Editors' pick

Phillips Collection

Art Museum
Phillips Collection photo
(The Rothko Room/Copyright Robert C. Lautman)
4/27

Bartosz Woroch and Sam Armstrong

Bartosz Woroch, Polish violinist and professor at the Guildhall School of Music in London, performs Karol Szymanowski's "Three Myths" and violin sonatas by Poulenc and Elgar accompanied by British pianist Sam Armstrong.
5/1

The Rise and Fall of Prohibition

An event with beer tastings, music by the Redwine Jazz Band, a book talk and signing and gallery talks.
5/4

Amit Peled, Eli Kalman and Peabody Cello Students

Cellist Amit Peled plays David Popper's "Requiem" with pianist Eli Kalman and cello students from the Peabody Institute of Johns Hopkins University.
Through 5/4

Jean Meisel: 50-65 Horizon Line

More than 50 small watercolors of horizon lines by the Washington artist.
5/11

Joanna Kurkowicz and Gloria Chien

Violinist and concertmaster of the Boston Philharmonic and Berkshire Symphony, Joanna Kurkowicz performs. Pianist Gloria Chien plays works Schumann, Lutoslawski, Schnittke and Szymanowski.
Through 5/16

Young Artists Exhibition

A showcase of student artwork from students in the Inspired Teaching School.
5/18

Tanya Bannister

The pianist performs Beethoven's Piano Sonata in A-flat Major, Op. 110, No. 31, as well as music by Handel, Harold Meltzer and Simon Corbett.
5/25

The Phillips Camerata

Harpist Kibbey and members of The Phillips Camerata perform Canadian composer Vivian Fung's new Harp Concerto.
5/29

Leading European Composers: The Arvo Part Project

The Tallinn Chamber Orchestra performs.
Through 8/31

Made in the USA: American Masters From the Phillips Collection, 1850-1970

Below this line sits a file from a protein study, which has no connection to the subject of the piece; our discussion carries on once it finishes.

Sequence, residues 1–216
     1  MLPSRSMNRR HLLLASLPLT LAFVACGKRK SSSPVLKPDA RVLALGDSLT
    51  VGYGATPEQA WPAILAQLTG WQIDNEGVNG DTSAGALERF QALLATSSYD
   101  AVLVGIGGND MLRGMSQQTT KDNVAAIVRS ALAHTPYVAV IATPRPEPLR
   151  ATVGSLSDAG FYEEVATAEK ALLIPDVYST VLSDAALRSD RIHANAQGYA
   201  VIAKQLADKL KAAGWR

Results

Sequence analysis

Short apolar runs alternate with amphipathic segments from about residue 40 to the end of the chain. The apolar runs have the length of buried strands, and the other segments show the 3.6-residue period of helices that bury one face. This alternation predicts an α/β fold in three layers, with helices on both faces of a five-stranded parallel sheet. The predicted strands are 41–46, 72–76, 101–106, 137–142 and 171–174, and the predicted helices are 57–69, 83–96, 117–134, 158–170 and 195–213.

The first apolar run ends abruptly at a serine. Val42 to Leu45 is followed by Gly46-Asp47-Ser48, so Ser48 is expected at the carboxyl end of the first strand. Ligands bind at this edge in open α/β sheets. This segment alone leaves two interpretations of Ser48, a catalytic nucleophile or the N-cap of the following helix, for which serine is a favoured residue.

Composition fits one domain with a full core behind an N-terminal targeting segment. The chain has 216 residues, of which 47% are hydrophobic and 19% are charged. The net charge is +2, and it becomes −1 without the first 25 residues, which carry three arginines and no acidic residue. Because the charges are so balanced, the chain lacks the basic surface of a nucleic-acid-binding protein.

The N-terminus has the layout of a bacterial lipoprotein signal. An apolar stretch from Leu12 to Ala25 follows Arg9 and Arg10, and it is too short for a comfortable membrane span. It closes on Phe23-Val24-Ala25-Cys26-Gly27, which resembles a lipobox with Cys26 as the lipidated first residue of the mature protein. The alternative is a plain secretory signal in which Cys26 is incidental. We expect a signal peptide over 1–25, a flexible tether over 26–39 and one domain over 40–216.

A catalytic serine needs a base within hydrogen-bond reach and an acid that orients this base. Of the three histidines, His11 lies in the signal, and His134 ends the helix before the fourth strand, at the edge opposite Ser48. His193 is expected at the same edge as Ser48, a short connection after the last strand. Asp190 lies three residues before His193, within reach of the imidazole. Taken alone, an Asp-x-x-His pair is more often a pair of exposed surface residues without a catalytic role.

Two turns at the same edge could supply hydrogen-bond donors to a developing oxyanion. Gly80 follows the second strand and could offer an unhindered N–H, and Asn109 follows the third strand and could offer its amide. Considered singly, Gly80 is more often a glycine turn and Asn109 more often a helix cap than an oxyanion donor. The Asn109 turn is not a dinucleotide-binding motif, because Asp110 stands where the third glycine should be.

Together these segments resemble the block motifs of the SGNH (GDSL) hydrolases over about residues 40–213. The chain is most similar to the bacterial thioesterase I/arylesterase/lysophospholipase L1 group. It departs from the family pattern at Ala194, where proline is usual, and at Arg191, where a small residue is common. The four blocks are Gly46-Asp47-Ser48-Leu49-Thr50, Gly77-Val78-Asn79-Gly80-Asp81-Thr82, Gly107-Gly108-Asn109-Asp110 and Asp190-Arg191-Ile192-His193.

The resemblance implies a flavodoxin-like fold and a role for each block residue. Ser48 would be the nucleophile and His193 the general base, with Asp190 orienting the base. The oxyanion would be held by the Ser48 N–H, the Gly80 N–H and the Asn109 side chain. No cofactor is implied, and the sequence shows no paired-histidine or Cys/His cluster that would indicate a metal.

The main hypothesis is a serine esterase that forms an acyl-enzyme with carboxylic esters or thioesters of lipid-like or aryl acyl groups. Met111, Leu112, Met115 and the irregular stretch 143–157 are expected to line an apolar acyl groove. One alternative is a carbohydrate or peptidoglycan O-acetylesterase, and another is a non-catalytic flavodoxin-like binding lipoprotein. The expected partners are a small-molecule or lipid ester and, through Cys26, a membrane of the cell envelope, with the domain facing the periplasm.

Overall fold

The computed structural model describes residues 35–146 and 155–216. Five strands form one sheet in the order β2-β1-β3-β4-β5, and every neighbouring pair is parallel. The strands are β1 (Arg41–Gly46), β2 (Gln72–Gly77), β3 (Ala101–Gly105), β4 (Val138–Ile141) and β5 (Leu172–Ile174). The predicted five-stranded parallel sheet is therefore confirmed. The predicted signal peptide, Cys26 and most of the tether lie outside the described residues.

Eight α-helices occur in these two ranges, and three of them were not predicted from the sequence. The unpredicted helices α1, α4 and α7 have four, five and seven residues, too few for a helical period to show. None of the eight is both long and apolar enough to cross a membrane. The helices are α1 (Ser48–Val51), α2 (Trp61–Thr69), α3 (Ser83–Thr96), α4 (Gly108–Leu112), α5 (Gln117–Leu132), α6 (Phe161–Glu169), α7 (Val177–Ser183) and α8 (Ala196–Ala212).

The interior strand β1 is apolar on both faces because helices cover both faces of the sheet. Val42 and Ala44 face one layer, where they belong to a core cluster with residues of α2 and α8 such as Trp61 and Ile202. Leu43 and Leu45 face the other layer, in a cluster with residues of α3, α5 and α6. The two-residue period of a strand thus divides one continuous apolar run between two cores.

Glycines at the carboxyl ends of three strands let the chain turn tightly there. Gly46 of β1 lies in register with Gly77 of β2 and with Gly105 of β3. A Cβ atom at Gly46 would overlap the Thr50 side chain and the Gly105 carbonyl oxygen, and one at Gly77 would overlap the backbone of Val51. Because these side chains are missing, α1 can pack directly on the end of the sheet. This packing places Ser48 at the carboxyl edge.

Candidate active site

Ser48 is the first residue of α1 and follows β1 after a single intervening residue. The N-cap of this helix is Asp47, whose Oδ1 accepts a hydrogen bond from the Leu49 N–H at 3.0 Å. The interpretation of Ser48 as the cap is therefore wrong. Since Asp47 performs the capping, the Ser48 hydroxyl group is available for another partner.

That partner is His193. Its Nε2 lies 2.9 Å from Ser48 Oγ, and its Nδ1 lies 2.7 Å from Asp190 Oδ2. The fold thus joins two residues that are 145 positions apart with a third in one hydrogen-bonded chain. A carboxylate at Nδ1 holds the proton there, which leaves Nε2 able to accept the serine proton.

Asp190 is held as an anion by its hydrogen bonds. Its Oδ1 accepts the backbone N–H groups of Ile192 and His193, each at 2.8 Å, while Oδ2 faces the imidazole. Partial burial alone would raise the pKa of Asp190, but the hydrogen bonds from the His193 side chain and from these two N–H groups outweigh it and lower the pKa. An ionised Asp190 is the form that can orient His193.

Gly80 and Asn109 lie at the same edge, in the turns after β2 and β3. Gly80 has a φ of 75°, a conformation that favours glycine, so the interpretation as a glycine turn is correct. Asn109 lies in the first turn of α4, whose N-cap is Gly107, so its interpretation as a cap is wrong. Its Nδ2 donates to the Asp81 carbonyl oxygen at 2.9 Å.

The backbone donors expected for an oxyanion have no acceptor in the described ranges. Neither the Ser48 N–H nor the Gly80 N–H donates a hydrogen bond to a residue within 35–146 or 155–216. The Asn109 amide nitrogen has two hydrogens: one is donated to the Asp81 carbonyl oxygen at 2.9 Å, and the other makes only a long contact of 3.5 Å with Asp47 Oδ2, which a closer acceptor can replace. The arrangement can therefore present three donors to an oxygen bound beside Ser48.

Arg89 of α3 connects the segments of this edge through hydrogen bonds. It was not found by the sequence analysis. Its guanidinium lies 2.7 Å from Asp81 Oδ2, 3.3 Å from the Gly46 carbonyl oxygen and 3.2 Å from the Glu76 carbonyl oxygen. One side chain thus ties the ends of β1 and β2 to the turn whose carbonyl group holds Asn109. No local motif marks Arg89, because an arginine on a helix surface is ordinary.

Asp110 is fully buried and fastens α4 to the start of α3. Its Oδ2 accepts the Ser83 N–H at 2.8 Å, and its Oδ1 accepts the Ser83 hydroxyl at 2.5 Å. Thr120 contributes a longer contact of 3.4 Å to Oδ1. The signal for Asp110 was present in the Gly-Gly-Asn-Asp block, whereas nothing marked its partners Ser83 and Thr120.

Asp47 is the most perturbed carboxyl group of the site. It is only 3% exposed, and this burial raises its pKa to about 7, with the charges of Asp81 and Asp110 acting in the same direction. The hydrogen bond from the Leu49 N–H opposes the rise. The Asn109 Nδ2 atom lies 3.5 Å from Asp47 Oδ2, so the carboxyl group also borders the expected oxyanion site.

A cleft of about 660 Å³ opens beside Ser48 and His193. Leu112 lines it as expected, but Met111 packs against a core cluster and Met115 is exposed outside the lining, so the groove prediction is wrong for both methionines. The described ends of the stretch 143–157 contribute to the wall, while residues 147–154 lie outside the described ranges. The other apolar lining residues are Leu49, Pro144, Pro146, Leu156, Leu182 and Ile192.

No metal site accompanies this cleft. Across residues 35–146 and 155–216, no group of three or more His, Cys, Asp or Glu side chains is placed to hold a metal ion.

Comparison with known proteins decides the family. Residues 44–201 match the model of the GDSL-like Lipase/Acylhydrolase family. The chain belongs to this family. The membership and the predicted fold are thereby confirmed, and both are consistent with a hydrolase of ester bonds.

After a four-year world tour, the museum's collection of American masterworks returns. The exhibit, which features more than 200 pieces and more than 120 artists, examines American art from the late 19th century to the mid-20th century.
4/21 - 12/8

Ongoing exhibits:

19th- and 20th-century European and American paintings.
Through 12/12

Laib Wax Room

German artist Wolfgang Laib originally created this fragrant, illuminated beeswax chamber for the Phillips family home. It will be the museum's first permanent installation since the Rothko Room in 1960.
Through 2/27/15

The Journals of Duncan Phillips

A display of selections from the museum founder's journals, which span 30 years.
'

Editorial Review

‘Vocal Colors’ a welcome summer concert at the Phillips Collection

Four in Wolf Trap Opera Company’s summer residency program offer a deftly sung, charming performance.

A Note About Admission: Museum admission prices vary throughout the year. The permanent collection is open to the public for free Tuesdays through Fridays (donations are welcome). On weekends, the fee is $10 for adults, $8 for students and seniors and free for ages 18 and younger -- unless there is a special exhibition on view. In that case, visitors pay the special exhibition fees, which can vary, but are generally $12 for adults, $10 for students and seniors and free for ages 18 and younger.

The Buzz: America's first modern art museum was born in 1921 when prolific collector Duncan Phillips opened his home and personal art collection to the public. Today, selections from the permanent collection are still on view in Phillips' Dupont Circle brownstone. In April 2006, the museum celebrated the opening of a new wing with more exhibition space and new amenities for visitors and scholars.

The Collections: A list of artists represented in the Phillips Collection reads like a who's who of modern art. Among the nearly 2,500 pieces in the permanent collection are works by van Gogh, Monet, Degas, Cezanne, El Greco, Picasso, Matisse, Klee and O'Keeffe. Auguste Renoir's "Luncheon of the Boating Party," a jolly impressionist canvas, is the museum's signature piece. The museum also exhibits four large-scale Mark Rothko works in an intimate gallery known as the Rothko Room.

Programs: One Thursday every month, the museum stays open until 8:30 p.m. for Phillips After 5, after-hours events that feature gallery talks with curators and other scholars. The museum offers introductory talks that acquaint visitors with the permanent collection on Saturday mornings at noon and lectures about the museum's special exhibition on Sunday at noon. From October to May, the museum hosts Sunday concerts at 4 p.m.

Extras: In addition to a cafe and gift shop, the museum also has a 180-seat auditorium, art activity room, conservation studio, outdoor courtyard and a library for scholars.

--Julia Beizer (July 10, 2007)